Re: [fukuoka_farming] Personal observations (was Re: Thank You Carol)
- Hello Bargyla et al
On 4 Nov 01, Bargyla Rateaver wrote:
> Dear Rex Teague, at last at last I get somewhere. This must be
> what I was hunting for and could not find. Is there anywhere else I
> can get more of rhis information? Especially i want to know, have
> you seen that enormous fragment of the Rife microscope? Long ago I
> was taken to a small house where it is housed--that part of it not
> destroyed? I'd like to go again. Who could take me to it?
No I haven't seen any Rife microscope fragments but I share your
curiosity about Rife's innovations. It is many years since I dropped off
the Bare/Rife list, a number of people were attempting to reproduce
his microscope and other equipment. A potted history of the
microscope is available at http://www.rife.de/mscope/mscope1.htm.
There is a reference to the possibility of one in private ownership in
the USA... maybe what you have seen?
Gaston Naessens has developed a very powerful microscope which
he uses for his live blood/somatid research http://www.cerbe.com
Michael Coyle whom I quoted briefly in my previous post offers
courses in dark-field microscopy: http://www.nulifesciences.com
> I am glad I have found you again. Please tell me where I can find
> you again when I need you. Thanks.
I don't reside in the USA but I'm happy to discuss the topic further...
- Thank you so very much, Rex Teague. I am so pleased to see you here, have
wanted for a long time to find you. Hope you don't disappear.
Years ago I was privileged to see, in a cottage, part of the enormous
microscope, of which part has disappeared. I think it was from Rife??? I
shall ask someone tomorrow.
Rex Teague wrote:
> Jim et al--
> Like Larry your thoughtful post has stimulated a few observations
> from my neck of the woods too. 8<)
> On 19 Oct 01, Jim Bones wrote: (heavily snipped)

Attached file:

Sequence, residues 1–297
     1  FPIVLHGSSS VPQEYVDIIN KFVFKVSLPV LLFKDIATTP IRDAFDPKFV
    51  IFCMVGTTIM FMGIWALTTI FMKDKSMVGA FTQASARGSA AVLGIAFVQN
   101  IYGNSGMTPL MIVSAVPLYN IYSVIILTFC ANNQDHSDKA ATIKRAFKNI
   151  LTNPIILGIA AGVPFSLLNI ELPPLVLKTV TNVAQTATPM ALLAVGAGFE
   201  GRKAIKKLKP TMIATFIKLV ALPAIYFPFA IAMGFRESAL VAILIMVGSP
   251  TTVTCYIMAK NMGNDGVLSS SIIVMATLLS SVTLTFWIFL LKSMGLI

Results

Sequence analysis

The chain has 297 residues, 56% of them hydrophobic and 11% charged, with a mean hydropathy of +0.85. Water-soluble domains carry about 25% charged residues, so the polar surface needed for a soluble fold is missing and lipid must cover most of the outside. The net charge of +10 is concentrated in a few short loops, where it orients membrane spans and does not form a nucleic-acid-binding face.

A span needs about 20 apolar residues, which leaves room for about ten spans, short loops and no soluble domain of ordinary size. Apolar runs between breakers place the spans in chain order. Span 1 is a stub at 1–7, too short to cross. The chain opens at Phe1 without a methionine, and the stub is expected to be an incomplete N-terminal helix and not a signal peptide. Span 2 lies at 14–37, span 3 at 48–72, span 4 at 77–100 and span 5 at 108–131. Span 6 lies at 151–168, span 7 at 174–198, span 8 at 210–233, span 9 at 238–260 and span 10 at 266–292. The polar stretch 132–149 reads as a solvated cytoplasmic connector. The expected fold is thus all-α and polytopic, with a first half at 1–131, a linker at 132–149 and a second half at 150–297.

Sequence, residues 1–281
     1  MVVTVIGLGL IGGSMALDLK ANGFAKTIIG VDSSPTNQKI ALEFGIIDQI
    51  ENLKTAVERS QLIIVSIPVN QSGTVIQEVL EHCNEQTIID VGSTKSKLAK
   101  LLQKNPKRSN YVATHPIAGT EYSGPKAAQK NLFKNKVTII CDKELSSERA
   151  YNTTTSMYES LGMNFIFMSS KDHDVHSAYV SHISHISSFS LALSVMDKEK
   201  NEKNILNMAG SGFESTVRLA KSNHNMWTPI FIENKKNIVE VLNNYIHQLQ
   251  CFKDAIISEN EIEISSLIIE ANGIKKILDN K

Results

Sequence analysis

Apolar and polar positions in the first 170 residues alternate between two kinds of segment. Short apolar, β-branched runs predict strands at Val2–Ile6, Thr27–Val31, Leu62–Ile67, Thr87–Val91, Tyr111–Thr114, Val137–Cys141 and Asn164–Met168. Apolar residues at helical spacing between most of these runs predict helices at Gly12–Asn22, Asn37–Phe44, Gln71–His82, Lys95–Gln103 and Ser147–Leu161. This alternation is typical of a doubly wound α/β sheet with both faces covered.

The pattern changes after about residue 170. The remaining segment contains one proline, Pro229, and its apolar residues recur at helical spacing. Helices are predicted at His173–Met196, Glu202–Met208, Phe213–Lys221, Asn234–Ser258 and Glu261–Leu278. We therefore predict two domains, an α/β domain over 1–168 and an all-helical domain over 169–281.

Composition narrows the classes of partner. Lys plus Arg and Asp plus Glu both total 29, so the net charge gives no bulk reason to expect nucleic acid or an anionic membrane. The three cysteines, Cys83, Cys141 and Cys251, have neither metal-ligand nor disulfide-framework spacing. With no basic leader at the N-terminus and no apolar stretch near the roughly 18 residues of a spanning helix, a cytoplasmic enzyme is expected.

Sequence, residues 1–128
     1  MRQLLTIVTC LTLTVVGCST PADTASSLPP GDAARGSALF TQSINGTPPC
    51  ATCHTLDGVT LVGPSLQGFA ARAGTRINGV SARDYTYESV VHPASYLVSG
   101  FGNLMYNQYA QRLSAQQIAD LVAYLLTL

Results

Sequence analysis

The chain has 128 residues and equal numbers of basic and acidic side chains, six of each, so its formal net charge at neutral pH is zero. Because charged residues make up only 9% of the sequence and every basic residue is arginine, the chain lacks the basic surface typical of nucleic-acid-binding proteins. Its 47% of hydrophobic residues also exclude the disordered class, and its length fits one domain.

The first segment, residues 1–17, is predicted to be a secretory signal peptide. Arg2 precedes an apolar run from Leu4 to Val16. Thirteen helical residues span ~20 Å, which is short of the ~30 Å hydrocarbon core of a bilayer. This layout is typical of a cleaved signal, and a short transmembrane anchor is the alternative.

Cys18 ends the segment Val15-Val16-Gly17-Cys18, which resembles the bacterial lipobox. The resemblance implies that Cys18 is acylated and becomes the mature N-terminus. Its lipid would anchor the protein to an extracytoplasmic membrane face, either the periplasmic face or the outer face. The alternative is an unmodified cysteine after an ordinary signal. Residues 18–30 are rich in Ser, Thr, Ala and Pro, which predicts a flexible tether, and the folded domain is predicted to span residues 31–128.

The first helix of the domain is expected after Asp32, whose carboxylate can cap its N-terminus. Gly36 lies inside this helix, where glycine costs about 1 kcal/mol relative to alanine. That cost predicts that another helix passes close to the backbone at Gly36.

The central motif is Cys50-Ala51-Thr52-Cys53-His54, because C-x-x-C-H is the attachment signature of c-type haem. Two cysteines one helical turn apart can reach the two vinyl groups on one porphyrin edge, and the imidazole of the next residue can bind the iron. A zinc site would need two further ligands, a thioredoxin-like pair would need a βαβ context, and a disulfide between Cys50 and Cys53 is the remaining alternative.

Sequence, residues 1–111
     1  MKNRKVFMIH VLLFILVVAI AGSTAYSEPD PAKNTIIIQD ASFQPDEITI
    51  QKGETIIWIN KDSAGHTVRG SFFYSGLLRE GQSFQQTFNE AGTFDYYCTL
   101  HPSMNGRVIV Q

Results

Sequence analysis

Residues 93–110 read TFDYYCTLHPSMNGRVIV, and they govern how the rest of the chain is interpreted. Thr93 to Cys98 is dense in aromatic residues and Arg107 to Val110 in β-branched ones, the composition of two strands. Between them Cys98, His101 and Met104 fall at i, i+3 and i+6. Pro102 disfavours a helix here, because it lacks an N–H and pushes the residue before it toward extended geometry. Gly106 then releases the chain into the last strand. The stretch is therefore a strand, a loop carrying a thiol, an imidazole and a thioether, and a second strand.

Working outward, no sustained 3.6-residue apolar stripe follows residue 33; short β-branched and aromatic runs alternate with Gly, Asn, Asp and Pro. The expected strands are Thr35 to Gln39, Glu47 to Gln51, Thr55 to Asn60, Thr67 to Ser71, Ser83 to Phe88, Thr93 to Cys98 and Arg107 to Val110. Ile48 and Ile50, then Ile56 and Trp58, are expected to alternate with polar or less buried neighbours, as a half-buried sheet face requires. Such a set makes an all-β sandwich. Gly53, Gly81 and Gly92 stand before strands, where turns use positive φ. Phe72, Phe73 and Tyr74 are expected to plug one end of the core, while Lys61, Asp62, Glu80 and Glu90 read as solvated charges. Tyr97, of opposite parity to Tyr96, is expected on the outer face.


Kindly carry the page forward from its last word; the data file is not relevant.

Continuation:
> > Thank you Carol, for sending us Wendell's thoughts. I hope those
> > who think they are at the controls just now have a chance to see
> > and meditate on them.
> Wendell Berry's writing appeals to me immensely and at the risk of
> stating the obvious he did write the preface to 'The One-Straw
> Revolution' as published by Rodale.
> > I would like to offer the following personal observations. It may
> > help to step back a little and see the current global political events
> > unfolding in the context of world ecology and with a geological
> > reference for time. We are in the midst of a major, mass species
> > extinction. Thousands of ways of life are disappearing each day, most
> > too small to merit our star struck preference for glamorous creatures
> > in fur coats with beautiful teeth. But it is largely these "little
> > people", the microbes, one celled and tiny multicelled creatures, that
> > maintain the living cycles of the earth. They are taking big hits
> > everywhere, everyday without letup, wherever we are "developing unused
> > land". Watch out for the fast talk? Every place is already somebody's
> > home.
> Have you considered the possibility of pleomorphism/polymorphism
> and 'intent'? A few suggestive snippets:
> From: http://www.explorepub.com/articles/enderlein3.html
> "The first and probably most disastrous error originates from
> Ferdinand Cohn, who in 1870 proclaimed that all microbes and
> bacteria have only one form (Monomorphism). This was also taught
> by Louis Pasteur. This teaching was opposed to the teaching of
> Antoine Bechamp who, roughly at the same time, could demonstrate
> that microbes can alter their form and appear as different germs
> (pleomorphism). Enderlein basically confirmed this and many other
> researchers after him."
> From: http://www.explorepub.com/articles/coyle_10_3.html
> Polymorphism is a fact, certainly in some species of microorganisms
> (especially fungal), and is clearly demonstrable microscopically with
> the proper equipment.
> And on 'intent' Yogananda speaks about Luther Burbank
> 'When I met Luther Burbank, he showed me a walnut tree and said,
> "I took off more than 100 years from its usual period of growth. I
> grew that tree in 12 years." Burbank also made almomds have soft
> shells, made over the tomato, and created the shasta daisy from
> bulbs and the cactus without thorns. In primitive times the different
> animals used to eat the cactus, so the cactus developed protective
> thorns. When one life begins to hurt another, that life develops
> weapons of defense. Burbank told me that during his experiments in
> developing the spineless cactus, every day he went into the garden
> and talked to the barbed plants: "Please, beloved cactus, I am Luther
> Burbank, your friend. I am not going to hurt you at all, so why
> develop thorns?" And so the thornless cactus was developed. By
> talking, by attention, by thought force and knowledge of nature's
> laws, you can impress certain vibrations on protoplasm, and thus
> consciously guide and hasten the process of evolution.'
> I'm optimistic about the process of 'Nature' as exemplified by
> Fukuoka's 'not doing' wisdom.
> Cheers... Rex
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